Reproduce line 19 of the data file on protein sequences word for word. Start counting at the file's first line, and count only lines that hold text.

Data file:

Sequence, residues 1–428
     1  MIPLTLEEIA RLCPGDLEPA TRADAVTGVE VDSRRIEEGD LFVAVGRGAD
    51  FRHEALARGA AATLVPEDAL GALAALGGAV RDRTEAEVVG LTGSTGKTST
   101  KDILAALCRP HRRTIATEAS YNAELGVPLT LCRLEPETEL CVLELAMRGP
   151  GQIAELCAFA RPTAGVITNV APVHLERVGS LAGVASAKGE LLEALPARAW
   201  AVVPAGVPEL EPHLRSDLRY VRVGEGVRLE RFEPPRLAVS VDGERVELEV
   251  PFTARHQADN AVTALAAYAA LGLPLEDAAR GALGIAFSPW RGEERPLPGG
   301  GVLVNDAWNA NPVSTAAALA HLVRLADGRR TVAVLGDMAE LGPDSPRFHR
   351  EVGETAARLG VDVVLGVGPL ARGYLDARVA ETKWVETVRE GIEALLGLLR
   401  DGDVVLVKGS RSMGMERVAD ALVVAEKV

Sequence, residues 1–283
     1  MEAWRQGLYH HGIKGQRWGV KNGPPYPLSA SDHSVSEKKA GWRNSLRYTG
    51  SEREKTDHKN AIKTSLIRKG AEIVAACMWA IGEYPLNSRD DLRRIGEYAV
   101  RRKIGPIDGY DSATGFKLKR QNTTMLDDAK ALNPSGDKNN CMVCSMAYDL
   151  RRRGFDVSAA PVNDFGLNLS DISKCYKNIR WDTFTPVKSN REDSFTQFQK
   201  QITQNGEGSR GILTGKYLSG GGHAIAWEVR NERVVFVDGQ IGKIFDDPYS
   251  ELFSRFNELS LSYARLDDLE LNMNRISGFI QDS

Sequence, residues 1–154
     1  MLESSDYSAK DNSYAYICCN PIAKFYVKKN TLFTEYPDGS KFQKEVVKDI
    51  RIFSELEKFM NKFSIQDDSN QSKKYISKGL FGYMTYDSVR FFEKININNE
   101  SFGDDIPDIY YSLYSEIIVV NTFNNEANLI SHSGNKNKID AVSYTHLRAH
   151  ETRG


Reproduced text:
     1  MLESSDYSAK DNSYAYICCN PIAKFYVKKN TLFTEYPDGS KFQKEVVKDI